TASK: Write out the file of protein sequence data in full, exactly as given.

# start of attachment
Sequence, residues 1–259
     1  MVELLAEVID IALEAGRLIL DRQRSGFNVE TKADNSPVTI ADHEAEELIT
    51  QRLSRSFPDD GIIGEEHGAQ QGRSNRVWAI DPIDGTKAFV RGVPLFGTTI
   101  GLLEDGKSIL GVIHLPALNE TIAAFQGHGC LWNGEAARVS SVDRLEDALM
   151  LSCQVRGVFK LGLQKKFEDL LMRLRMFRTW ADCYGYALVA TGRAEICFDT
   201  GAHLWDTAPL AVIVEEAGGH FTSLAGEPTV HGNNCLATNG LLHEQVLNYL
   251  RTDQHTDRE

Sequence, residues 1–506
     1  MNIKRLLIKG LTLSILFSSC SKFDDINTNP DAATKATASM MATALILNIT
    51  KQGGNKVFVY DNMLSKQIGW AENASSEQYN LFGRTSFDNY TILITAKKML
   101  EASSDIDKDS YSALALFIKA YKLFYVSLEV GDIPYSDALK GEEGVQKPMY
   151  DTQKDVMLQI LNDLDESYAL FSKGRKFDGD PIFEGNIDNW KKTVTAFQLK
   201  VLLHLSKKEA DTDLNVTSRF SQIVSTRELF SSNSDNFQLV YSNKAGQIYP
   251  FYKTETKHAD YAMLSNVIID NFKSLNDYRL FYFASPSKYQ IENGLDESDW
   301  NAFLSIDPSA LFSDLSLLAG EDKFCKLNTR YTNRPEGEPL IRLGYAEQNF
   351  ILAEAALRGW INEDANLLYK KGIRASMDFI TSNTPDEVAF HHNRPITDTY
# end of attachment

Sequence, residues 1–259
     1  MVELLAEVID IALEAGRLIL DRQRSGFNVE TKADNSPVTI ADHEAEELIT
    51  QRLSRSFPDD GIIGEEHGAQ QGRSNRVWAI DPIDGTKAFV RGVPLFGTTI
   101  GLLEDGKSIL GVIHLPALNE TIAAFQGHGC LWNGEAARVS SVDRLEDALM
   151  LSCQVRGVFK LGLQKKFEDL LMRLRMFRTW ADCYGYALVA TGRAEICFDT
   201  GAHLWDTAPL AVIVEEAGGH FTSLAGEPTV HGNNCLATNG LLHEQVLNYL
   251  RTDQHTDRE

Sequence, residues 1–506
     1  MNIKRLLIKG LTLSILFSSC SKFDDINTNP DAATKATASM MATALILNIT
    51  KQGGNKVFVY DNMLSKQIGW AENASSEQYN LFGRTSFDNY TILITAKKML
   101  EASSDIDKDS YSALALFIKA YKLFYVSLEV GDIPYSDALK GEEGVQKPMY
   151  DTQKDVMLQI LNDLDESYAL FSKGRKFDGD PIFEGNIDNW KKTVTAFQLK
   201  VLLHLSKKEA DTDLNVTSRF SQIVSTRELF SSNSDNFQLV YSNKAGQIYP
   251  FYKTETKHAD YAMLSNVIID NFKSLNDYRL FYFASPSKYQ IENGLDESDW
   301  NAFLSIDPSA LFSDLSLLAG EDKFCKLNTR YTNRPEGEPL IRLGYAEQNF
   351  ILAEAALRGW INEDANLLYK KGIRASMDFI TSNTPDEVAF HHNRPITDTY